By John Knight, former student of the International School of Clairvoyance

At the beginning of developing/exploring one’s psi related, students are unsure that what they are doing is “real” and what it is exactly they are trying to do when they practice.  Crippling doubt seems to be fundamental to process for most people.  Many teachers and authors use the words “pretend”, “made up”, things like that.  I think it’s done to allay anxiety and fear, but it has the opposite effect for me.  It makes me uneasy and reinforces my doubt.

Assertions that it will work ring hollow without a mechanism of why this might work.  These doubts then make it hard to settle in, focus, and feel confident that I’m doing something that will lead me somewhere I want to go.  I suspect at least some others feel similarly. I think this is a hard problem to work your way around even with constant reassurance.

So here is a possible way of explaining it.  Consider asking a room filled with 5 year old children to create a picture of a house.  You give them all the same picture and ask them to copy it and you hand them all the art supplies they want – glitter, macaroni, pencils, water colors, finger paints, colored paper, everything.

You will get an amazing array of results, every single one of which will be seriously flawed in terms of accurately reproducing the picture.  Objects will be missing, the colors incorrect, windows missing.  Objects will be present that weren’t in the original picture.  Some children will draw their dog in front of the house even the picture clearly doesn’t have a dog. Nothing will be to scale.

Now perform the same exercise with a group of 55 year old career graphic illustrators giving them each a comprehensive set of pencil lead drawing instruments.  You would get back precise, complete, accurate representations of the picture.  Interestingly though, despite using the same equipment and having years of the same kinds of experiences and training they will not be identical.  Each person will use shading a bit differently and lines will be thicker or thinner.  These different techniques will yield significant differences, but each drawing will clearly represent the picture accurately, completely and without superfluous information.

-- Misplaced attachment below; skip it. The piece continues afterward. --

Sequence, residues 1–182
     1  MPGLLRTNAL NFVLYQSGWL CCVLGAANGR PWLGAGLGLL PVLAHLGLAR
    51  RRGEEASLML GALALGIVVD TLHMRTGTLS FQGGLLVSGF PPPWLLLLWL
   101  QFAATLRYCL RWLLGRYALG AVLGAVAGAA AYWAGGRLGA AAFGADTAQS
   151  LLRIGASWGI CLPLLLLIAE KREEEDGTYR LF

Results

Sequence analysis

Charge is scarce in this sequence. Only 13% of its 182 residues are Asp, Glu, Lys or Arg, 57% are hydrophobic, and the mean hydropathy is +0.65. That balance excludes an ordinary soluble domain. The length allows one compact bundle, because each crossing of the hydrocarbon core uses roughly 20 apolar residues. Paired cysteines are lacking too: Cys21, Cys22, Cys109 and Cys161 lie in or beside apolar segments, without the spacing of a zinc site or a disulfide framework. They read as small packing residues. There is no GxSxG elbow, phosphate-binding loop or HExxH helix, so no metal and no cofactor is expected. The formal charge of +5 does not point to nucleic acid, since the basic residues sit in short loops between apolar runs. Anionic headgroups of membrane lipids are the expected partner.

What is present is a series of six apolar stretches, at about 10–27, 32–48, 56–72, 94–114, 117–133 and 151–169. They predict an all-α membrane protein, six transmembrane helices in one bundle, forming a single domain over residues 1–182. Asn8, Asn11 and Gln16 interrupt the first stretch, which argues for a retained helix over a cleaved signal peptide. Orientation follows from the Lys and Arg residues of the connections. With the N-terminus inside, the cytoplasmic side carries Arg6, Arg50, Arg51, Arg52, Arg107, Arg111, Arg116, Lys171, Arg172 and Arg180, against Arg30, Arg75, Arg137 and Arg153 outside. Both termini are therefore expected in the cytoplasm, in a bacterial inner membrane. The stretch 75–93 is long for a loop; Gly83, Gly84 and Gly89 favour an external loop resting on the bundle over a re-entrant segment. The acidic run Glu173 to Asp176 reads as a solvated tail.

So, we, as novices, are simply at the 5 year old stage.

We have a hard time even focusing long enough to remember what we were supposed to do in the first place. We don’t know which tool to use or even how – glitter, colored pencil, crayon?  We end up getting glue in our hair and spilling glitter all over our classmate’s desk. We can’t draw lines well at all.  We can’t control our hands because we haven’t practiced – our neurons and muscles just aren’t there yet – we must fumble around to help them develop.

It is clear we will need to spill a lot of glitter and get marker on our face while we figure out how these tools work. We must do this before we can even try to represent anything with accuracy.  We lack discipline and must cultivate concentration and focus.  We keep thinking of our dog or older brother or ice cream trucks, so we draw them in there when they shouldn’t be.  As we practice though, we move in the direction of the accomplished graphic artist who correctly filters out these distractions and knows how to use the tools and which tool to use for the given situation.

Fortunately, we don’t have to be at this advanced stage of development to do something important and feel like we are progressing.  Even the 5 year old will capture some of the essence of the picture.  Maybe it’s just the color of the roof, or the fact the house has a door on the left.  Maybe it’s not even the house itself we portray, which was supposed to be the focus, but it’s the tree adjace